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Tall Order

By Brianne Carlon


Dazzling in costumes embellished with more than 3,000 Swarovski crystals apiece, 36 statuesque dancers descend a grand staircase. The

legendary Radio City Rockettes take their places for the final number, “Let Christmas Shine.” After 75 years with mostly minor choreographic changes in the Radio City Christ­mas Spectacular, the show was revamped in 2007 to appeal to a 21st-century audience, including this new finale.

 

Still intact, however, are some of the celebrated set pieces, like “Parade of the Wooden Soldiers,” that made the Rockettes a household name. “It needs to look like one person dancing, not 36,” says Ashley Ayer, a 10-year Rockette veteran. Everything down to the angle of each leg and arm must be identical.


Before the women in that line were known as the Rockettes, they were the “Missouri Rockets,” performing in St. Louis circa 1925. The precision group was discovered by showman S.L. (“Roxy”) Rothafel and renamed the “Roxyettes.” They moved to their new home in Rockefeller Center’s art deco palace, Radio City Music Hall, in 1932. On opening night, they shared the stage with 17 different acts, including Martha Graham. Soon they became the star attraction.


As dancers, the Rockettes must achieve absolute unison, a feat that has made them famous. The New York troupe consists of 80 dancers, all between 5' 6" and 5' 10", who can perform up to five shows a day. While the New York edition remains the most famous, the Rockettes began performing the Radio City Christmas Spectacular in locales outside New York for the first time in 1994. This year, productions of the show will appear in 36 cities, including Montreal, Philadelphia and Washington, though the touring troupes use far fewer dancers, either 24 or 22.

Many young dancers who see the Rockettes dream about being a part of the kickline one day. For a few, this dream comes true, and they hold on to it for as long as possible. For others who make it, it’s a career accomplishment, but they will move on to other endeavors. All, how­ever, are dancers, first and always.


Name: Ashley Ayer
Hometown: Owensboro, KY
Rockette Years: 10


When Ashley Ayer saw the Rockettes perform in the Macy’s Thanksgiving Day Parade when she was little, she knew she wanted to be a part of the glamour and tradition that the troupe represented. She began dancing at the age of 9, going on to the University of Arizona to earn a BFA in dance. After performing with both Giordano Jazz Dance Chicago and River North Chicago Dance Company, she auditioned for the Rockettes in Chicago and made it the first time. She danced in that city’s show for three years, then toured for three seasons before ending up in the New York show. “People see my face light up when I talk about being a Rockette,” Ayer says.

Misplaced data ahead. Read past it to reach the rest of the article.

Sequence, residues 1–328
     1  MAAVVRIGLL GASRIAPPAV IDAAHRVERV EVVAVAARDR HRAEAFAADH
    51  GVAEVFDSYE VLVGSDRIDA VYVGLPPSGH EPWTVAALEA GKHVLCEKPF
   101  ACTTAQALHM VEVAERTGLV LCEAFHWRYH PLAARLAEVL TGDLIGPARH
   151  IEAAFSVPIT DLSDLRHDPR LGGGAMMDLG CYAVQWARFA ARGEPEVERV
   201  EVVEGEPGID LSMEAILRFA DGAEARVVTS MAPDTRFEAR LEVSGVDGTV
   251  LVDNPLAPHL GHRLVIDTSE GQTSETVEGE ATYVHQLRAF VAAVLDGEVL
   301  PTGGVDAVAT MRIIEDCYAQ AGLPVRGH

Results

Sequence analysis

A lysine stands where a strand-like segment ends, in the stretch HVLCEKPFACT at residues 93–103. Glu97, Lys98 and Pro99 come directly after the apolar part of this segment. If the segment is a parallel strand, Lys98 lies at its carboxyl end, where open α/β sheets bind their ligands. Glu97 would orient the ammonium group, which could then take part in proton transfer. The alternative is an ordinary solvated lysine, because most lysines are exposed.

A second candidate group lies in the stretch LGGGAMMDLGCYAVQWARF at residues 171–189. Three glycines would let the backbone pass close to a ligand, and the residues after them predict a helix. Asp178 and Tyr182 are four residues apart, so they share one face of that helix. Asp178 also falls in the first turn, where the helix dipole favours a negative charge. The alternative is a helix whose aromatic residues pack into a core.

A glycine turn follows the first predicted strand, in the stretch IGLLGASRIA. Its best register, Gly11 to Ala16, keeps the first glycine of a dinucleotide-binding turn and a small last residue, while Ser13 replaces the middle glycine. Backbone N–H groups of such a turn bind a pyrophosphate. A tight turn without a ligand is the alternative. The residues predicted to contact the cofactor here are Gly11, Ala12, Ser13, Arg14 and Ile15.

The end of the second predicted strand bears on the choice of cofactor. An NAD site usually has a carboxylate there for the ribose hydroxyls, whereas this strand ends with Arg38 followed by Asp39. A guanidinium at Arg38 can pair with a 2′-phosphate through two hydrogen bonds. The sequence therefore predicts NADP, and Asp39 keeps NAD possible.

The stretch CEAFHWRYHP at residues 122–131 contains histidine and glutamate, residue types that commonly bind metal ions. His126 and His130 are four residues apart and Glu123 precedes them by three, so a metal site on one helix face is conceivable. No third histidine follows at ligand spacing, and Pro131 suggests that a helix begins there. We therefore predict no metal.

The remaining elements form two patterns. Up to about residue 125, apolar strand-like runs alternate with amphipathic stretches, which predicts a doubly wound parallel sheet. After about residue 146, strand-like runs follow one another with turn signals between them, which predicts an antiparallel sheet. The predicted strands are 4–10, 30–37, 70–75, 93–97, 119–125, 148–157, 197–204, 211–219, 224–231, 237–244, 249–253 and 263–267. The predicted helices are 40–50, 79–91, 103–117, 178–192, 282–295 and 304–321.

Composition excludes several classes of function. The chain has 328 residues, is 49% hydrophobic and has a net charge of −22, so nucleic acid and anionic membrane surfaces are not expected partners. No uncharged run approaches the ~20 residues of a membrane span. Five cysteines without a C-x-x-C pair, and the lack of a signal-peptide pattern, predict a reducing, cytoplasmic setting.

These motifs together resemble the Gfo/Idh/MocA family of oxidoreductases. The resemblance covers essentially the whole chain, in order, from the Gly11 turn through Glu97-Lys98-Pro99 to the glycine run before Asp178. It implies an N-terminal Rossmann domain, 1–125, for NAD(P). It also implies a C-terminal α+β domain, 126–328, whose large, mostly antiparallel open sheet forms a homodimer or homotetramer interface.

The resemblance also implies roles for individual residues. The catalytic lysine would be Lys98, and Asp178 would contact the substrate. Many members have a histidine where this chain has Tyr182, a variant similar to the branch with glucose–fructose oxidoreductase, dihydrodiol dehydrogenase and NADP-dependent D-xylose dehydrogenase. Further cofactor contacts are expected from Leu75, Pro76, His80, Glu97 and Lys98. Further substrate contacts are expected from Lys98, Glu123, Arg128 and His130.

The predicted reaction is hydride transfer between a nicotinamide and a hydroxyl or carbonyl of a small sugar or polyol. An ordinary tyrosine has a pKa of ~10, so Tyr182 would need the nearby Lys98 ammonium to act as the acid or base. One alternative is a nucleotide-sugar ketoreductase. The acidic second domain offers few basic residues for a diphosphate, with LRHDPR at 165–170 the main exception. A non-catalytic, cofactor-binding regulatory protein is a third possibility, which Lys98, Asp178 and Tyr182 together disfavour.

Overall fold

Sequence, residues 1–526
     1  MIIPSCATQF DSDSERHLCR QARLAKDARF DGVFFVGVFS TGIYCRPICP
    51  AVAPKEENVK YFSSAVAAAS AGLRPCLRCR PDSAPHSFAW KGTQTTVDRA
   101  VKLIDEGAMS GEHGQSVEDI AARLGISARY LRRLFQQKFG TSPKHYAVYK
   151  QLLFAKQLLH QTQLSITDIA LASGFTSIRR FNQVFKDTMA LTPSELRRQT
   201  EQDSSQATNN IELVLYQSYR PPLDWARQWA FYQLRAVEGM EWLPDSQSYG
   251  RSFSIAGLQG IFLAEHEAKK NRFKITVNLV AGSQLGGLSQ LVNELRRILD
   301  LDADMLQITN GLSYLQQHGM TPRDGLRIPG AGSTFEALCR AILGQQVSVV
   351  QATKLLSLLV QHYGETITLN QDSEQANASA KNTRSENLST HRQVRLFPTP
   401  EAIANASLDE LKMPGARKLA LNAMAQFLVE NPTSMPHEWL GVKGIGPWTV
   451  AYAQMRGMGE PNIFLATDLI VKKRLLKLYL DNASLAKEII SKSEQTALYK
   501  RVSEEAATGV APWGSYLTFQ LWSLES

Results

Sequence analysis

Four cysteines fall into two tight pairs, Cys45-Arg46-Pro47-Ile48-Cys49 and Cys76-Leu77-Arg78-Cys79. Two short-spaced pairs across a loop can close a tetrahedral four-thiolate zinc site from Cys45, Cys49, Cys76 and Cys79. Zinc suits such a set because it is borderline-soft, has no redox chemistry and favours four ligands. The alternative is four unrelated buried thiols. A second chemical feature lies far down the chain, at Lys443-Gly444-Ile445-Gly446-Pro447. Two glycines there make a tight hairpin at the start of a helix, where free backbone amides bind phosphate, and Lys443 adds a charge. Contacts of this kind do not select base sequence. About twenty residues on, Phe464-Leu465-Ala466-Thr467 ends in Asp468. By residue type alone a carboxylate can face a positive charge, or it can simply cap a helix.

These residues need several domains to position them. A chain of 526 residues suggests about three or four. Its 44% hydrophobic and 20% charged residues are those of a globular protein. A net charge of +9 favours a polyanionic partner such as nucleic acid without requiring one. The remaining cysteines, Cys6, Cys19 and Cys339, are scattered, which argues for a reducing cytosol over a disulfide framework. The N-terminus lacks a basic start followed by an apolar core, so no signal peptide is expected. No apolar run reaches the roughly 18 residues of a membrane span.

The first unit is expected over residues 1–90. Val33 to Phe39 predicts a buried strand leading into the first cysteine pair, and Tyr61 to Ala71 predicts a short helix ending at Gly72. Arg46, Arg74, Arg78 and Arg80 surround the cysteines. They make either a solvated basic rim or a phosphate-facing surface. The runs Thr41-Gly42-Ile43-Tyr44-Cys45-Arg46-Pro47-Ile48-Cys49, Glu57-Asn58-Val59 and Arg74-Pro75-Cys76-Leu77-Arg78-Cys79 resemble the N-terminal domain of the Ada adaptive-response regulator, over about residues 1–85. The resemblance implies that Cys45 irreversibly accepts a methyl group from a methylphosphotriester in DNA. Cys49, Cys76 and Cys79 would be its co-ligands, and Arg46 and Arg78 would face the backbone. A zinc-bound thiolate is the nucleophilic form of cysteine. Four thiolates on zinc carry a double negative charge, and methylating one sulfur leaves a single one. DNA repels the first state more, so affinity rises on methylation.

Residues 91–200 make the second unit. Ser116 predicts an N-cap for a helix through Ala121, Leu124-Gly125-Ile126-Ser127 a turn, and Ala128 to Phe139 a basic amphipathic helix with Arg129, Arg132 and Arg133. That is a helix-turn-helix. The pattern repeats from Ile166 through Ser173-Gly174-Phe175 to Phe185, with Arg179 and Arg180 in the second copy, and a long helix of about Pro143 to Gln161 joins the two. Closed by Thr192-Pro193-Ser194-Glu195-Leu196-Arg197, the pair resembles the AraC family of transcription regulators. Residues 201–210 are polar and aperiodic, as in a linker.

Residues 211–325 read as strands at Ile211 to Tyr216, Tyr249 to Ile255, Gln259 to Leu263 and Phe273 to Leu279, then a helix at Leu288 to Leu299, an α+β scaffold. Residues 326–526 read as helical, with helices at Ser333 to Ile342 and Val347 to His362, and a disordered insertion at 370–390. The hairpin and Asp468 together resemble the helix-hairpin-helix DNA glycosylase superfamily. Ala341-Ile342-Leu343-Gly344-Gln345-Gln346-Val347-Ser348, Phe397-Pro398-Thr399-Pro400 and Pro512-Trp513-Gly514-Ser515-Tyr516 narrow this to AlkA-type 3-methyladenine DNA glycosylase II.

But it’s not about just showing up and smiling; the Rockettes work hard. “We are known for our famous kicks, so we have to work on our flexibility and strength to remain in that perfectly straight line,” Ayer says. “A lot of us practice yoga and Pilates to help maintain our balance and synchronization. And we gain so much stamina just by rehearsing our routines.” Take the “12 Days of Christmas,” a 12-minute tap routine. “Some dancers even use the elliptical machine before rehearsals start so they are prepared,” Ayers says. “We also do push-ups for the soldier fall in the ‘Parade of the Wooden Soldiers.’ It takes a lot of arm strength to maintain that domino effect.”

Ayer feels that being in the Rockettes is her biggest accomplishment. “With the Rockettes, as long as you are physically fit and meet all the requirements, there is no maximum age,” she says. “I think it would be hard to give up.”


Name: Afra Hines
Hometown: Miami, FL
Rockette Years: 5


Afra Hines began dancing when she was 4 years old, and by 13 had decided that she wanted to make it her career. She and her mother moved to New York from Miami so she could attend Professional Performing Arts High School. Since then, she has danced numerous roles in shows from Broadway to Radio City.

Hines auditioned to be a Rockette in the Denver production of the Christmas Spectacular without having seen the show before. But when she made the cut, she realized she had become part of an enduring tradition. And once she finally saw the show, she was impressed. She went on to perform for a holiday season in Chicago and after a year off, joined the New York contingent.